The Last Ghost Hunters – Film Threat

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The faux-documentary format was first appropriated for a fictional narrative by Ken Jacobs in his 1963 underground classic Blonde Cobra. That film is a semi-autobiography of a necrophiliac, among other plotlines. From there, “found footage” would then be used countless times throughout the years, (arguably) most famously in 1999’s The Blair Witch Project. Writer/director Dan T. Hall’s The Last Ghost Hunters uses this format to chronicle what will serve as the last of a crew’s hunting for signs of ghost, hauntings, and assorted extrasensory manifestations.

Set in my home state of Indiana (Hoosier Pride!), the trio of paranormal investigators — Faith (Moli Hall), Mitch (Ransom Pugh), and Kelley (Kelley McKinney) — seek to explore the backstory and events surrounding a haunted house, situated in the town of Peru. The city is famous as the capital of circuses and boasts the Circus Hall of Fame. However, anywhere which gives birth to a circus hosts clowns. As we viewers know, there’s nothing more creepy than a clown. Ergo, Peru, Indiana would be the perfect location for a house haunted by killer ghosts to exist.

“…explore the events surrounding the murder and to determine if the abode is actually haunted.”

Apparently, a decade earlier, a gruesome set of murders occurred, and now the house of local legend is dilapidated, with foilage overrunning every outside nook and cranny. The current owner has brought in Faith, Mitch, and Kelley to explore the events surrounding the murder and to determine if the abode is actually haunted. The growing sense of dread developed by the interviews the film crew obtain is highly effective at suggesting that they’re in for a terrible night once they actually survey the home.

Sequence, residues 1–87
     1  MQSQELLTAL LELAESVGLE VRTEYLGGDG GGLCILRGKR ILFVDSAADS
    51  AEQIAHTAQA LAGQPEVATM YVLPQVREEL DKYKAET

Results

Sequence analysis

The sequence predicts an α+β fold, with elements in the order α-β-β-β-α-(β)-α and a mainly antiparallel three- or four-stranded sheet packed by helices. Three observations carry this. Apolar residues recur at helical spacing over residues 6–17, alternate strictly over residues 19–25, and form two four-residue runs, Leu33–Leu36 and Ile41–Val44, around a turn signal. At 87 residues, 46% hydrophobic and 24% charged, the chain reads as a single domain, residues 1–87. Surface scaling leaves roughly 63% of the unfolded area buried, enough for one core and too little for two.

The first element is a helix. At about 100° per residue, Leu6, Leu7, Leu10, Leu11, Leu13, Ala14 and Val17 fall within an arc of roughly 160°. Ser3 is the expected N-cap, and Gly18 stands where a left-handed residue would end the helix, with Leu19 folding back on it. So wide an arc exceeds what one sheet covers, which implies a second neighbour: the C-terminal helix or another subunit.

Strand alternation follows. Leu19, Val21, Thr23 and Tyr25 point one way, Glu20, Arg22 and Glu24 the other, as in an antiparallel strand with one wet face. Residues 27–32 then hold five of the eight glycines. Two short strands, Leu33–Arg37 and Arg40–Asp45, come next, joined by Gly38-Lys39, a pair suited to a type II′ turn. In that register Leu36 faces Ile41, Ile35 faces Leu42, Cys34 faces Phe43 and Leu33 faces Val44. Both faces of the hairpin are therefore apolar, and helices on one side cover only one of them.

As The Last Ghost Hunters is a low-budget horror production, it must rely on the hallmarks of faux-documentary horror, which have been developed by its predecessors (such as the outstanding 2010 Trollhunter). It must establish a sense of foreboding via local interviews, have a hand-held camera that shakes to build tension, and utilize practical special effects. The anxiety and terror catharsis experienced can be highly rewarding when these elements are well used. The filmmaker uses these elements to pretty great effect. While I am not a fan of an overabundance of shaky-cam, I would suggest this could have used just a touch more of that. The sense of dread is built up in a wonderful slow burn. It could have just used a little more shaky-cam terror at the moment of truth, as it were.

The Last Ghost Hunters wishes to serve as a coda for a paranormal tradition: ghost hunting. As the films and television shows which featured the hunters of ghosts have mostly fallen to the wayside, it seems to be a fitting aspiration. This is the sort of film worth streaming if you want a pretty good ghost story to watch.

The Last Ghost Hunters Image

“…the sense of dread is built up in a wonderful slow burn.”

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